I think there are a lot of good traditional responses. A strong disaster recovery plan documents what to do if a file is lost, server is lost or site is lost. Often the idea of redunancy is meshed with disaster recovery, but there is a difference. Redundancy is about keeping the system despite a failure while disaster recovery is about what happens after a failure. A RAID system is redundant so even if a drive fails, the system still functions. During a power failure a UPS system can keep the systems running until the generator or the power kicks back on. If a system is lost, a disaster recovery plan kicks in. If a system is down a redundant system takes over with little or no loss of downtime. In the Seattle area, we worry about Volcanoes as well as the normal storms and other natural disasters. What we've done is chosen to store core business systems in locations that are less likely to be unstable. For example the Easter half of the state is protected from winter storms by a mountain range. So typically mirrored datacenters are stored on the eastern side of the state outside the range of potential volcanic erruptions. Remote administration is also a big part of the solution. Seattle doesn't have snow often so when there is snow, the roads are a disaster. Instead, we setup secure remote connections so that system administration and other types of work access can be preformed from home. Because power is such an issue at the component and site level, NOCs are being created that are not affected by power surges, brown outs or even lightening strikes to the building. Monitoring tracks systems that are near failure and directs technicians or redirects the load to other sites. The cloud is another new way to protect against failures. Utlilizing Microsoft or Googles hosted systems means that there are plenty of mirrored and redundant sites around the world if a single site is lost. It's interesting to note that fortune 500 companies and governement agencies are moving thier systems into these cloud based infrastructures to not only reduce costs but reduce the risks associated with storms and natural disasters. To prepare for complete system failures: Backups are checked regularly regular UPS testing Regular testing of the generators and fuel sources (water in the fuel is the worst during a rain storm)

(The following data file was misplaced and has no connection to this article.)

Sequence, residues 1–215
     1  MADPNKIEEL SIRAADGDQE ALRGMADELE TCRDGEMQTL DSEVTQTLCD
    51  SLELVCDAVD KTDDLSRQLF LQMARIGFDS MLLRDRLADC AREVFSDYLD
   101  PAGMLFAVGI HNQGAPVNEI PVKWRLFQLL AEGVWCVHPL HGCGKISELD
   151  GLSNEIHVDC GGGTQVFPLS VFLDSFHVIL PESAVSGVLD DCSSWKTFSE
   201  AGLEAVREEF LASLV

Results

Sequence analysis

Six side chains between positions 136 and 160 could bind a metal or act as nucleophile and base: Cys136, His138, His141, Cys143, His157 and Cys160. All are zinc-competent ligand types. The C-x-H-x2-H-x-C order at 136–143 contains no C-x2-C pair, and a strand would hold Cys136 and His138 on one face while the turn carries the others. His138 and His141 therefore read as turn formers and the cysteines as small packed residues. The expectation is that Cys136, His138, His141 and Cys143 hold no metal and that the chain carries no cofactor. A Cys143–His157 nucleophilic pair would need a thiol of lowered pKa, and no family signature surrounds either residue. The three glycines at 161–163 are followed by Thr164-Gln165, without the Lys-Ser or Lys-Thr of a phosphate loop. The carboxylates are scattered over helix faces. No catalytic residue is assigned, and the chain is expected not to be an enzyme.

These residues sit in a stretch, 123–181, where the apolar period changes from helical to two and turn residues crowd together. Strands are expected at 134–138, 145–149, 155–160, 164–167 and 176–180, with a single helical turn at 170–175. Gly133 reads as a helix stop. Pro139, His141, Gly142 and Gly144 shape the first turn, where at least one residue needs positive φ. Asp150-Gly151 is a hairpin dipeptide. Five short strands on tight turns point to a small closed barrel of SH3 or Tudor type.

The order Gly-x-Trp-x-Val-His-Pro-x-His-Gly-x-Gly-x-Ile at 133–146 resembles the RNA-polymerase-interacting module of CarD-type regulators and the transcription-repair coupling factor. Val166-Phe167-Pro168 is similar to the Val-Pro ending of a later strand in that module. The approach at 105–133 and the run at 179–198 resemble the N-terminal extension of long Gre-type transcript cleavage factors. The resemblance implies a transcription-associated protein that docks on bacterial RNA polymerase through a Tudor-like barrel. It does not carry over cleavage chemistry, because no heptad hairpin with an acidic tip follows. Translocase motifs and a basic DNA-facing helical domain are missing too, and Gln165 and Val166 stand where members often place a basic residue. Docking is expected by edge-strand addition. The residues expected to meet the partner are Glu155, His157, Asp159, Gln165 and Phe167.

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  • coralbasie
    Backup is key
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  • coralbasie
    one word: backup